How Many Cars Will We Need in the Future?

Internet pioneer and robocar afficionado Brad Templeton has a post up questioning whether self-driving cars will increase or decrease auto manufacturing.

The conventional wisdom is that self-driving cars will decrease the number of cars produced, because we can share cars, instead of purchasing lots of cars and then leaving them parked most of the time.

Templeton makes the excellent point that there the total volume of cars produced will be equal to:

Total Vehicle Miles per Year / Average Vehicle Lifetime in Miles

Both the numerator and the denominator are likely to change as we shift toward self-driving cars.

Total Miles will increase as people opt to ride in self-driving cars instead of fly, walk, bike, or stay put.

Average Lifetime is harder to predict, since some factors will drive lower lifetimes and others will drive higher lifetimes.

Of the factors above, sharing rides and making longer-lived cars could reduce the number of cars needed, and the reduction in car cost reduces the total the world spends on cars (as well as the energy required to build them.) Perhaps those factors might counter the additional travel and the empty miles.

One factor will overwhelm all of this, however. Cheap robotaxi service under 50 cents/mile will suddenly make personal car transportation economically accessible. Drop to 30 cents/mile or even 10 cents/mile in poorer economies, and we’re talking vastly more accessible to billions of new people. The market may already be mostly saturated in the United States which has vast car ownership, but the global average is about 15%. It’s going to grow, and by a lot. The car industry is facing a boom, not a bust from this technology.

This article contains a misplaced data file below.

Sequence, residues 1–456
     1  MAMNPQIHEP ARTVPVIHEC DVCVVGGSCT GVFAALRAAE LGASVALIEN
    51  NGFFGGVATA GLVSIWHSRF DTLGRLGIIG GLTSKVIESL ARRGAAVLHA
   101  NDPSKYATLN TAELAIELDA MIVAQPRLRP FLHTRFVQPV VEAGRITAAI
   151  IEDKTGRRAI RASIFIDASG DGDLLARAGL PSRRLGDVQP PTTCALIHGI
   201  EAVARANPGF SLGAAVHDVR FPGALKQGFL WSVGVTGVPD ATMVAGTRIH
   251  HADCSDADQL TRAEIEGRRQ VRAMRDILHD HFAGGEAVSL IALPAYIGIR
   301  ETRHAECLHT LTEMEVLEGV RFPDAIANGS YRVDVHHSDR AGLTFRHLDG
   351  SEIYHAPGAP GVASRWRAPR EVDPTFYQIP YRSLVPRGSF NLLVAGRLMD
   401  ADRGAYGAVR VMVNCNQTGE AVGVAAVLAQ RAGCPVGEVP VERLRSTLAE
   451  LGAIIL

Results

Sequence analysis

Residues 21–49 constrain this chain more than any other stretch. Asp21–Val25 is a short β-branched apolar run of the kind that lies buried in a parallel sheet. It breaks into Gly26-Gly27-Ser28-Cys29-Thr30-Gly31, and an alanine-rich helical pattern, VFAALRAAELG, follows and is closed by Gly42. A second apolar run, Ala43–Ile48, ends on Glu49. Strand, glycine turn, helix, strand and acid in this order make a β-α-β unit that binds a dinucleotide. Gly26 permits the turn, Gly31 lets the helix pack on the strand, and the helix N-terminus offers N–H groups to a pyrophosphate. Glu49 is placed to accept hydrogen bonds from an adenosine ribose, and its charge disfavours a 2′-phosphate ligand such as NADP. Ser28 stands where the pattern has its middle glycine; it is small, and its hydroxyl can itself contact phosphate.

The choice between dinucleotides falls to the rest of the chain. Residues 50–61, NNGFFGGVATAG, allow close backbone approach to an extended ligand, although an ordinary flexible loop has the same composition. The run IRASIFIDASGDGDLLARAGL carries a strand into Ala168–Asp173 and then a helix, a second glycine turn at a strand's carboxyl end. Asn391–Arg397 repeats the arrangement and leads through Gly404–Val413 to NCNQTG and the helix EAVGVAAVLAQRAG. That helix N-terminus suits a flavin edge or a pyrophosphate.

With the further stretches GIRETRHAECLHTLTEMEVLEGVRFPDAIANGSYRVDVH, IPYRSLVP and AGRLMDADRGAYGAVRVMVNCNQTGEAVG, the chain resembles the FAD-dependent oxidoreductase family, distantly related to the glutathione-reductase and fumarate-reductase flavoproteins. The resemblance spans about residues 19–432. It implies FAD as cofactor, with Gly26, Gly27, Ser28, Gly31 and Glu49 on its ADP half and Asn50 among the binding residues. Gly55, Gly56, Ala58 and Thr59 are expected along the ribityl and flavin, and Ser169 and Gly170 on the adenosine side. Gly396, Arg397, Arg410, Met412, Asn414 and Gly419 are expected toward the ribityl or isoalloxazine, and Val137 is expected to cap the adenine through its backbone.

This may sound like a nightmare to those who blame private cars for many of our environmental and urban woes. Fortunately the picture is not quite the same with these cars which are far more likely to be efficient, low-emitting and sustainable, indeed more sustainable than the transit systems we use today. (Indeed, they could be combined with a new vision of even more sustainable transit during peak times.)

The entire post is difficult to excerpt and covers a number of interesting points. Read the whole thing.

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